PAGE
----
Marjorie Adams, Who Went to Bat for a Baseball Pioneer, Dies at 72

Marjorie Adams, who tirelessly promoted the candidacy of her great-grandfather Daniel Adams, a 19th-century founding father of baseball,...


Marjorie Adams, who tirelessly promoted the candidacy of her great-grandfather Daniel Adams, a 19th-century founding father of baseball, for the Baseball Hall of Fame, died on July 7 in a hospice in Branford, Conn. She was 72.

The cause was lung cancer, her nephew Nate Downey said.

Making the case for her great-grandfather, who was known as Doc (he came by his nickname legitimately, having received a medical degree from Harvard in 1838), became Ms. Adams’s consuming passion. She advocated for him on a website, at conferences, at meetings of the Society for American Baseball Research (SABR) and at vintage baseball festivals, where fans play and celebrate the sport, as if it were the 19th century. She nicknamed herself Cranky, for “cranks,” a period term for fans.

“Baseball is the national pastime,” she said in an interview in 2014 with SABR’s Smoky Joe Wood chapter. “It’s important that the historical record is correct.”

That record was a lie for a long time, according to John Thorn, baseball’s official historian. Abner Doubleday was for many years falsely cited as baseball’s inventor. And Alexander Cartwright, who played a role in the sport’s evolution, was credited on his plaque at the Hall of Fame in Cooperstown, N.Y., with some of the innovations that, it turned out, were actually conceived by Adams.

In the 1990s, an article about Adams by Mr. Thorn in Elysian Fields Quarterly, a baseball journal, helped Ms. Adams see her great-grandfather as a significant figure — and not only as “Daniel, the baseball guy,” as he was known in the Adams family.

Doc Adams began playing for the pioneering New York Knickerbockers Base Ball Club in 1845. While with the team, he created the shortstop position — as a relay man from the outfield, not a fielder of ground balls and pop flies. He made his most critical contributions to the game in 1857 at a rule-making convention of which he was chairman.

There he codified some of the fundamentals of the modern game, setting the distance between bases at 90 feet, the length of a game at nine innings and the number of men per side at nine.

Still, Adams remained obscure to anyone unfamiliar with baseball’s early history. In 2015, as Ms. Adams continued her campaign to raise her great-grandfather’s profile, Mr. Thorn presented materials about Adams to a member of the Hall of Fame’s pre-integration-era committee, which voted on inducting players, managers, umpires and executives from the time of baseball’s origins to 1946, the year before Jackie Robinson broke the color barrier in Major League Baseball. Adams was put on the committee’s ballot with nine other candidates.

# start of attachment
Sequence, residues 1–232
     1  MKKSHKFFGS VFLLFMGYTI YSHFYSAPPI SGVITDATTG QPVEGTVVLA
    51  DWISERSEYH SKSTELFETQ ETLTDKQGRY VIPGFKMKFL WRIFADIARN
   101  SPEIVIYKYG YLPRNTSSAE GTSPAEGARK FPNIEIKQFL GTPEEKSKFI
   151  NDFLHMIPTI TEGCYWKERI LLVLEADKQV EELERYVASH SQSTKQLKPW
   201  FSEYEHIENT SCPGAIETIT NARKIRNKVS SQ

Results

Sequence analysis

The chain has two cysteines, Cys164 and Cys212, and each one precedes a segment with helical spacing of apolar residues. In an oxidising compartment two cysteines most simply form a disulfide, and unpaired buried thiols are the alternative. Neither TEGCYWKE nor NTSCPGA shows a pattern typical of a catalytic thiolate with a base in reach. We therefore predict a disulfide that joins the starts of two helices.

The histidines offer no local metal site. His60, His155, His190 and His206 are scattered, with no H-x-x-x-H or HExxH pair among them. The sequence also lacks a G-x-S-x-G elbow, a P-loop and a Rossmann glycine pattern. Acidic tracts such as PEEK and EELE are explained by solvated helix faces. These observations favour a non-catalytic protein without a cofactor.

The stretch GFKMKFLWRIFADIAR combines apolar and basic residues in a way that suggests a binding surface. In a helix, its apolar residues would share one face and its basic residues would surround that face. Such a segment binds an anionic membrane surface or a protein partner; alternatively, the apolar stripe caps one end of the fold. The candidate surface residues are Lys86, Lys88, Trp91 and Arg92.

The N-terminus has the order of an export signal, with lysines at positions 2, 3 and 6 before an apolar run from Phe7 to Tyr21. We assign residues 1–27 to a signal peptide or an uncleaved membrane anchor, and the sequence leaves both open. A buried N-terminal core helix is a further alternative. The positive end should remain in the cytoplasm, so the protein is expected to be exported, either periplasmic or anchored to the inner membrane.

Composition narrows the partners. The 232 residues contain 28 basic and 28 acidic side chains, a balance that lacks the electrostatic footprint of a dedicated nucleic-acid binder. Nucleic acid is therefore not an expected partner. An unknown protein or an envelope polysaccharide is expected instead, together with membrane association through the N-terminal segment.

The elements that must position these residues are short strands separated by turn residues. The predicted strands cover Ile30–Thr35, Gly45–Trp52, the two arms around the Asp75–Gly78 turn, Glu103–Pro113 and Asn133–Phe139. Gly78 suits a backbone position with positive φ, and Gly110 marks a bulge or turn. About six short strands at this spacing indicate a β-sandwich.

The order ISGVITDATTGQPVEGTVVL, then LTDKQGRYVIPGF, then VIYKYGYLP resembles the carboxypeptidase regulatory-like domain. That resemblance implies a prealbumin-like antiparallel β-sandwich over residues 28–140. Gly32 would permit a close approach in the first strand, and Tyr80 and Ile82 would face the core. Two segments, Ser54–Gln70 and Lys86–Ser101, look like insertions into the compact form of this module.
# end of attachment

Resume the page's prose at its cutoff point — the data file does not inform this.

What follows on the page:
Awaiting the vote that December, Ms. Adams told MLB.com: “All I do, the first thing when I wake up, is think, “What’s my next step to help Doc?’ I’m always talking about Doc. You can’t stop me.” She added: “As Babe Ruth said, ‘You just can’t beat the person who won’t give up.’ I say that to myself 50 times a day.”

Marjorie Putnam Adams was born on Dec. 7, 1948, in Manhattan. Her father, Daniel Putnam Adams, was a banker, and her mother, Adelaide (Barkley) Adams, was a homemaker. After graduating from Stephens College in Columbia, Mo., she began a career as a saleswoman and interior designer at furniture stores in Manhattan and Connecticut.

Researching her great-grandfather’s baseball career — an effort that included several visits to Cooperstown — had a natural appeal to Ms. Adams.

“I’m not an athlete,” she told SABR. “I’m a book person, a history geek.” Doc Adams’s election to the Hall, she said, would be “the moment of my life.”

Her tenacity at promoting her great-grandfather’s Hall-worthiness was such that she once printed out cards that said, “Doc Adams: The True Father of Baseball.” She handed them out to strangers and struck up conversations with them about him.

“Then she wanted to be fair and honest and printed up cards that said, ‘One of the True Fathers of Baseball,’” Mr. Downey said by phone. “She made me throw out the earlier ones.”

Adams was nearly elected when the pre-integration era committee voted in December 2015. He received 10 votes, more than any other candidate but two short of the required 12.

“She was very disappointed,” said Roger Ratzenberger, a member of SABR’s 19th-century research committee who helped Ms. Adams with her campaign. “I talked to her that night and told her, ‘Look at the difference now: Tonight on all the news channels, they’re talking about Doc Adams.’ That’s what her thing was — to get attention for him.’”

A few months later, Ms. Adams found renewed reason for hope: documentary proof of Doc Adams’s role in baseball history came up for auction. Three surviving pages of “Laws of Baseball,” which were written by Adams and provided a physical record of his rule-making at the 1857 convention, sold for $3.26 million.

Ms. Adams, who is survived by a sister, Nancy Adams Downey, believed that the “Laws” would get her great-grandfather elected to the Hall at the pre-integration committee’s next scheduled meeting, in 2018. But in July 2016, the Hall restructured the panel, renamed it the early baseball era committee and postponed its vote until this December.

“It’s a pity she couldn’t hang on,” Mr. Thorn said by phone, “because her great-grandfather’s day is coming.”

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